Another 23 of the world's most renowned clothing and textile companies, including Burberry, Adidas, Kathmandu and Timberland today pledged to use 100 percent sustainable cotton by 2025. Thirty-six major brands and retailers have now signed up to the 100 percent by 2025 pledge, including four of Forbes magazine’s list of the world’s ten largest global apparel brands, and three of the top 10 UK clothing retailers.
This announcement was made at the annual Textile Exchange Sustainability Conference, where more than 400 textile and apparel leaders have come together to discuss the most important sustainability issues facing the industry. This pledge — called the sustainable cotton communiqué — demonstrates that there is a demand for more sustainable cotton, and the commitment made by companies will help to drive sustainable practices across the sector. In turn, this will help alleviate the environmental and social costs that are too often associated with cotton production, including the over-use of pesticides, the release of greenhouse gases, the depletion of local water sources and rising costs of production.
The brands that have committed to the 100 percent by 2025 pledge are: ASOS, EILEEN FISHER, Greenfibres, H&M, IKEA, Kering, Levi's, Lindex, M&S, Nike, Sainsbury's, F&F at Tesco, Woolworths, Adidas, A-Z, BikBOk, Burberry, Burton Snowboards, Carlings, Coyuchi, Cubus, Days like This, Dressmann, Hanky Panky, House of Fraser, Indigenous Designs, KappAhl, Kathmandu, Mantis World, Otto Group, prAna, SkunkFunk, Timberland, Urban, Volt and Wow.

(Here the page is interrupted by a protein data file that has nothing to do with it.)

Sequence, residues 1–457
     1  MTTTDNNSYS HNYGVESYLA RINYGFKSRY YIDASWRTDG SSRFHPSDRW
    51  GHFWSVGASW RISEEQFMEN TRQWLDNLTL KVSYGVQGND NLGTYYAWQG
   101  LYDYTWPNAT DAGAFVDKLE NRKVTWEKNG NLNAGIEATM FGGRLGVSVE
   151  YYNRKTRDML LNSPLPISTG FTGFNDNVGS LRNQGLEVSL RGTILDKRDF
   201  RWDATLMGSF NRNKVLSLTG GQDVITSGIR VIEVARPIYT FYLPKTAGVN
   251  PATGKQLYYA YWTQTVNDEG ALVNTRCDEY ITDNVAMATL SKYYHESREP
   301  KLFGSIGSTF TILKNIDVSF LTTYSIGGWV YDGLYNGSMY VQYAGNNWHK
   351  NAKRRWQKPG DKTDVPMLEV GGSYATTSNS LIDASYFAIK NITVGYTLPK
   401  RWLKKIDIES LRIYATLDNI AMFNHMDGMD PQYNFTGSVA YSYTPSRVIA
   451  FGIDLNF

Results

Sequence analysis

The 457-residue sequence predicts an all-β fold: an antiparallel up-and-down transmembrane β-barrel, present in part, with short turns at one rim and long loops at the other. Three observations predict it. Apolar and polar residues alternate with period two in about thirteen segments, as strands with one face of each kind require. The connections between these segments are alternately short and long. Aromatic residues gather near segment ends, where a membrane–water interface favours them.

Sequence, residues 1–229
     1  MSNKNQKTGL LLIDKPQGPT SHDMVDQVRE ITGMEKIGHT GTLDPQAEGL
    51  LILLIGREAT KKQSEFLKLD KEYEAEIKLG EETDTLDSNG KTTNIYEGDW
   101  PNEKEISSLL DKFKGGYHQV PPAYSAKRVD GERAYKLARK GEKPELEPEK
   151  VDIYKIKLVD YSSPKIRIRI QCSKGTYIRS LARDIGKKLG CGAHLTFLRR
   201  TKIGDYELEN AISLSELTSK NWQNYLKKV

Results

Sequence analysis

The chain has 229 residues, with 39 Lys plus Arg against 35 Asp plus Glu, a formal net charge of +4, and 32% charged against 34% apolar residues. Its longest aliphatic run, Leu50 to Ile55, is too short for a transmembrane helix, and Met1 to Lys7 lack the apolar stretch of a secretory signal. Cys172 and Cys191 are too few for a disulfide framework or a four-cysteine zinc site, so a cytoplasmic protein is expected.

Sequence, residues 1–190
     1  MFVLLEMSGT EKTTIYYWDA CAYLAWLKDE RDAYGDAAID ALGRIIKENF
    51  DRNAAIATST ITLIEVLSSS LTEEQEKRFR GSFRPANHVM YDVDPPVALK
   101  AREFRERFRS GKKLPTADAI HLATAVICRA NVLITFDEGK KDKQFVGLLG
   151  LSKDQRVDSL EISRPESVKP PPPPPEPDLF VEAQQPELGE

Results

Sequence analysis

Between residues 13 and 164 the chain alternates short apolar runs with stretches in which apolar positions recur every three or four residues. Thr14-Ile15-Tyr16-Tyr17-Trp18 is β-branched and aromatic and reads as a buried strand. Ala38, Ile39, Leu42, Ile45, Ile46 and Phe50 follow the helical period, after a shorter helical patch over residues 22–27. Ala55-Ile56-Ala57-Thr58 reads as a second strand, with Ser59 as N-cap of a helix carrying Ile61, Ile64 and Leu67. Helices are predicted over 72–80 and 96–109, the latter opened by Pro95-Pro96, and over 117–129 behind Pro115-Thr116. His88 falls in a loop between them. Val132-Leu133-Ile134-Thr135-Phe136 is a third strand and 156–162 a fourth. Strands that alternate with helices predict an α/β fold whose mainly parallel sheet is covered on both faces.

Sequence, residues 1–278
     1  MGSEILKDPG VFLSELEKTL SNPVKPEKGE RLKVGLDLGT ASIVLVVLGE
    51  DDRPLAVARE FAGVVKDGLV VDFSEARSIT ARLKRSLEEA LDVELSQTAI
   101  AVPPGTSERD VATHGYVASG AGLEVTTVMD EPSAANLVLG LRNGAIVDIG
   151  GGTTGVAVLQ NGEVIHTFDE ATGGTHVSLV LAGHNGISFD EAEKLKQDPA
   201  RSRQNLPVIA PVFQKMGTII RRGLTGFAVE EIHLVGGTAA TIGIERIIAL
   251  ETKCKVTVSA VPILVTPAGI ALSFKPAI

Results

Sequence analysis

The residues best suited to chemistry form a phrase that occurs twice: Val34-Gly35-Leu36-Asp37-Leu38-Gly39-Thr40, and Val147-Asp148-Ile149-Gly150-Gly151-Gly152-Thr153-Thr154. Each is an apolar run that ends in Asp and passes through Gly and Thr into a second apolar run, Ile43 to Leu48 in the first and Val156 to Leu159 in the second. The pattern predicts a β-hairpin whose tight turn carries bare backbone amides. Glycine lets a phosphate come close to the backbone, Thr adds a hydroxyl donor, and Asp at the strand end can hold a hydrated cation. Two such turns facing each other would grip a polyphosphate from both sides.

“It’s been a long journey to reach 100 percent organic cotton. Kudos to all the prAna employees & global supply chain partners who put in countless hours. We couldn’t be more ecstatic about this sustainability milestone,” said Russ Hopcus, president, prAna.
“At Timberland, we strive to be Earthkeepers in everything we do and we recognize sustainable cotton sourcing as a major part of that goal. Studies have shown the positive social benefits to farming communities as well as the potential for these practices to sequester carbon into the soil. This is exciting work as we move beyond just minimizing environmental impacts to strategically creating real environmental and social benefits within the supply chain,” Zachary Angelini, environmental stewardship manager, Timberland.
There have been substantial gains made over the past few years in scaling the production of more sustainable forms of cotton, which is now higher than ever at more than 3 million tonnes in 2016. However, companies are actively sourcing less than a fifth of this available sustainable cotton.
In order for sustainable cotton to become standard business practice, the amount of sustainable cotton grown and bought must increase significantly. This pledge sends a signal to millions of producers that there is a real demand for a more sustainable approach to cotton production that reduces the environmental and social costs.
The companies that have pledged their support are at various stages on their journey to using sustainable cotton, with some already securing all of their cotton from sustainable sources. However, all are clear that collaboration across the sector is needed to bring about transformative change.